In-patient rehabilitation – large, dedicated rehabilitation institutions offer in-patient rehab stays as well as all other levels of rehab treatment. To qualify for an in-patient rehab unit, one must meet specific criteria related to the ability to participate in and benefit from daily, intensive, multiple therapy sessions.

Day rehabilitation programs – In addition to offering in-patient and out-patient rehabilitation, some rehabilitation institutions also offer Day Rehabilitation: a concentrated, rather intense, community-based, day-long treatment program that encompasses all of the skilled rehabilitation therapies: occupational therapy, physical therapy, and speech therapy. To qualify, a patient must be able to undertake 3 hours of therapies each day.

Out-patient therapy ­ this is provided in a community clinic setting. Therefore, the patient must be able to leave the home for therapy. Unlike day rehabilitation, out-patient therapy implies that one is receiving one-hour sessions of physical, speech, or occupational therapy.

In-home therapy ­ this refers to physician-ordered, skilled, rehabilitation therapy — speech, physical, or occupational — for patients who are home-bound and unable to travel to an out-patient therapy setting. A registered nurse usually oversees the home rehabilitation care. During the time that a case is open for home rehab, the patient is also eligible to receive a bath aide. However, once the course of rehabilitation ends, so too does the bath service.

In-home care refers to personal care with activities of daily living, such as bathing, grooming, and dressing. In-home care providers are also called companions, personal aides, or personal caregivers. They work either for themselves privately, or for an agency that takes responsibility for setting fees, making caregiving assignments, insuring and bonding the caregivers, and training them. In-home caregivers can be employed by task, e.g. bathing assistance, or by blocks of time, e.g. 4 hours or 8 hours or even live-in. For the most part, personal care is a private expense. Medicare or health insurance does not cover it; however, it may be covered by one’s long-term care insurance policy. Most states, through their local area agencies on aging, offer a capped number of hours of companion services to older adults.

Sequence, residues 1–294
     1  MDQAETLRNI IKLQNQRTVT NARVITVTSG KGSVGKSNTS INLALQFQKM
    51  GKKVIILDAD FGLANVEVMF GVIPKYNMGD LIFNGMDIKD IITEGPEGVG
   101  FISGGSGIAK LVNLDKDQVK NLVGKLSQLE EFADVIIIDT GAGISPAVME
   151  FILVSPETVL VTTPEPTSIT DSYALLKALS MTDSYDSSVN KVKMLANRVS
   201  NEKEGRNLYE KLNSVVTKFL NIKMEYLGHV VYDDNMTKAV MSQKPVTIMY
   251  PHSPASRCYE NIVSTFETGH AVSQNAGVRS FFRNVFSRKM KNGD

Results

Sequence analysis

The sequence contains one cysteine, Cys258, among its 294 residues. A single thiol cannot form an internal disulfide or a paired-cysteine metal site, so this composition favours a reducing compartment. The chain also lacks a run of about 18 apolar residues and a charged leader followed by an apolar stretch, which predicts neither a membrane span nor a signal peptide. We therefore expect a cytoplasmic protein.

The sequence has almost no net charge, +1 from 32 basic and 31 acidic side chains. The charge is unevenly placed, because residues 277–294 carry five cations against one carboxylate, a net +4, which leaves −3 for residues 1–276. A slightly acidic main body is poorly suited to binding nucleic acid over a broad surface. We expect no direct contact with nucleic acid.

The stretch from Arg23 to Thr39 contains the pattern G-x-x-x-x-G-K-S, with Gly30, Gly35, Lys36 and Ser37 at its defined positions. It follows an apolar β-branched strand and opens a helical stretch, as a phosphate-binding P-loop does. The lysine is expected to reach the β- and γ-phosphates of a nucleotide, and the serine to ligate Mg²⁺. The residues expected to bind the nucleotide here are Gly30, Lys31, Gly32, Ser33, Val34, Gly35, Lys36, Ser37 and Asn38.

Long-term care facilities are listed on a spectrum from most to least independent.

Independent living is a broad term that encompasses senior apartments, active communities, and retirement homes. These types of buildings are not licensed to provide personal care or nursing services, although residents can and do contract for private duty care just as they would in their own home or apartment (See in-home care section). All of these more independent facilities offer amenities such as 24-hour security, transportation, and activity programs. Whereas senior apartments and active communities may not serve meals in a central dining room, retirement homes usually do have group dining.